Lathyrus palustris L. - Boggy grass pea.
Taxonomic position.Family Fabaceae Lindl., genus Lathyrus L.
Morphology and biology.Perennial plant, 40-100 cm in height, with a thin, branchy, creeping root. Stem is bare, branchy, ascending. Stipules are small, semi-sagittate, 4-15 mm in length, 1-4 mm in width. Leaves usually consist of 4 (less often 3-5) pairs of oblong or lanceolate leaflets with 3-5 sections, 3-6 cm in length, 2-15 mm in width. The leaf axis culminates in a simple or branchy, short tendril. Racemes are as long as the leaves and have 2-6 flowers. Flowers are drooping, with a weak fragrance, 16-18 mm in length. Pedicels are slightly shorter than the calyx. Calyx is campanulate; calyx denticles are triangular, with short, ciliate pubescence. Bottom denticle length is the same as that of the tube; top denticle length is 3 times shorter than that of the tube. Corolla is blue-lilac. Flag is round-oval, with dredging on top, on wide stem. Wings are pale lilac, on long, bent stem. Keel is wide and lanceolate, rounded on the bottom edge. Pods are linear-lanceolate, compressed from the sides, 40-60 mm in length, 6-10 mm in width. Valves of pods have oblique-mesh veins. Seeds are compressed, smooth, red-brown; there are 6-12 seeds in a pod. Hilum length is equal to 1/4 the circumference of the seed. Chromosome number: 2n=14. Blossoms in July; fructifies in August.
Distribution.The general distribution area includes Scandinavia, Atlantic Europe, the Mediterranean, and the Balkansky-Maloaziatsky and Dzhungarsko-Kashgarsky areas. Within the former USSR, the species is distributed throughout the entire European part (except for the Lower Volga and Crimea), the Caucasus, Ciscaucasia, all of Western Siberia, Eastern Siberia (Yenisei and Angaro-Sajansky areas), and Central Asia (Pribalhashsky area).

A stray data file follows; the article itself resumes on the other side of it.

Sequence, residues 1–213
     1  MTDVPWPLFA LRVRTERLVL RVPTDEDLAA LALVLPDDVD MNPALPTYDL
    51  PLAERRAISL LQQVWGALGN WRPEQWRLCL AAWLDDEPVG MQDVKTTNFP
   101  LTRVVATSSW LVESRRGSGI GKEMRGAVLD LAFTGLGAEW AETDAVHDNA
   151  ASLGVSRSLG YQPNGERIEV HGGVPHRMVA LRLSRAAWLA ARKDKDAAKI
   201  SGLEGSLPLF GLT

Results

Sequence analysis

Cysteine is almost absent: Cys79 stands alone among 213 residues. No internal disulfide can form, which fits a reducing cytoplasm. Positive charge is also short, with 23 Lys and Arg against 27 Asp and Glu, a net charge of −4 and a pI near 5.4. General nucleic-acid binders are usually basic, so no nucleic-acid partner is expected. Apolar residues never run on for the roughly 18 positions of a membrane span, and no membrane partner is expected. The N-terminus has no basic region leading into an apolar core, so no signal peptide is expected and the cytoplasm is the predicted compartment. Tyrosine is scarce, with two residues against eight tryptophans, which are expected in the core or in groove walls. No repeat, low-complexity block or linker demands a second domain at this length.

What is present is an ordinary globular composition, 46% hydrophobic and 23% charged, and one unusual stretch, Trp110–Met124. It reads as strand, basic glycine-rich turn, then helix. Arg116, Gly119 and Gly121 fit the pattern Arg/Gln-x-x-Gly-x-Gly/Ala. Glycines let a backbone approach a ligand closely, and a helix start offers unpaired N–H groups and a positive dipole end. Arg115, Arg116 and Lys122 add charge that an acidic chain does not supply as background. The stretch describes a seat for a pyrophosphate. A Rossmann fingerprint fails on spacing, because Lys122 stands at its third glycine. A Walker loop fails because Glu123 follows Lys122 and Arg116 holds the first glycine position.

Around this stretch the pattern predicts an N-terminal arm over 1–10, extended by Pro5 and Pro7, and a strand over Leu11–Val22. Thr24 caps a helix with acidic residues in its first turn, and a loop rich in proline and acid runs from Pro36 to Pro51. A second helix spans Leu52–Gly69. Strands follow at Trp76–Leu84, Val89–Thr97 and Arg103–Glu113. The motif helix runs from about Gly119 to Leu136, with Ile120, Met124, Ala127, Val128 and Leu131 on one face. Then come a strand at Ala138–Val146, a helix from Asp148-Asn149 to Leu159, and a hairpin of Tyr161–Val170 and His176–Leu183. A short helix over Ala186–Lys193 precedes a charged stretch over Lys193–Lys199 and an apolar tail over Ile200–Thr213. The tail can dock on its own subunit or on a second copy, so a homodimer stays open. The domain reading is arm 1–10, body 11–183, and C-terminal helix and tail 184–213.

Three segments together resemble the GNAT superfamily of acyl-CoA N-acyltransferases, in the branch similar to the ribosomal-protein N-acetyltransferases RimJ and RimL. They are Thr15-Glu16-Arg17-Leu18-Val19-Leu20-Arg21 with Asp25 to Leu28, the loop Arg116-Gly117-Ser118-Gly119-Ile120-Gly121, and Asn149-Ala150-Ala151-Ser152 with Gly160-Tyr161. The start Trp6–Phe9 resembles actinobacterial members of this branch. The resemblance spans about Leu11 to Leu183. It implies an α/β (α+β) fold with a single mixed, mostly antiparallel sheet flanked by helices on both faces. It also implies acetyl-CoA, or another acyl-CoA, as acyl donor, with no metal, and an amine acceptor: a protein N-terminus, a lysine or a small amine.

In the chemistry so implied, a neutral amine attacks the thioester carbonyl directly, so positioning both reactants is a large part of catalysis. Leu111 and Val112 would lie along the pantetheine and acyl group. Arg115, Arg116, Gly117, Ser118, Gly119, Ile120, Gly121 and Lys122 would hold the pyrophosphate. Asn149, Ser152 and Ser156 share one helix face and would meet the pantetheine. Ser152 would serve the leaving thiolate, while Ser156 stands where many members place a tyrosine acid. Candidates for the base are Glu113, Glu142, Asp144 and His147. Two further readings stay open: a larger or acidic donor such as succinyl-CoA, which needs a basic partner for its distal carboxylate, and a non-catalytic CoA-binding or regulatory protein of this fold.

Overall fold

Ecology.It grows in crude meadows, among bushes, and in meadow sedge-reed bogs.
Use and economic value.This is a fodder plant of average advantage; it is of great importance in crude places since it grows well under conditions of excessive humidity. In pastures, it is eaten only by large, horned livestock; in the form of hay, it is also eaten by horses.
References:Cherepanov, S.K. 1995. Plantae Vasculares Rossicae et Civitatum Collimitanearum (in limicis USSR olim). St. Petersburg, Mir I Semia, 990 p. (in Russian).
Hulten E., Fries M. 1986. Atlas of Northern European Vascular Plants North of the Tropic of Cancer. Vol. 1-3. Koeltz Scientific Books, Konigstein.
Grossgeim, A.A. 1952. Flora of the Caucasus. Vol. 5. Moscow-Leningrad: Publishing House of the USSR Academy of Sciences, 424 p. (in Russian).
Kharkevich S.S., ed. 1989. Vascular plants of the Soviet Far East. Vol. 4. Leningrad: Nauka, 380 p. (in Russian).
Moesel, H. 1965. Vergleichende Chorologie der Zentraleuropischen Flora. Jena, 583 p. (in German).
Shishkin B.K., ed. 1958. Flora of the USSR. Vol. 23. M.-L.: Publishing House of Acad. Science, pp. 524-525. (in Russian).
Tolmachev A.I., ed. 1976. Flora of the Northeastern European Part of the USSR. Vol. 3. Leningrad: Nauka, 293 p. (in Russian).
Tsvelev, N.N. 2000. Manual of the Vascular Plants of Northwestern Russia (Leningrad, Pskov and Novgorod district). St. Petersburg, Publishing House of SPHFA, p. 511. (in Russian).
© T.N. Smekalova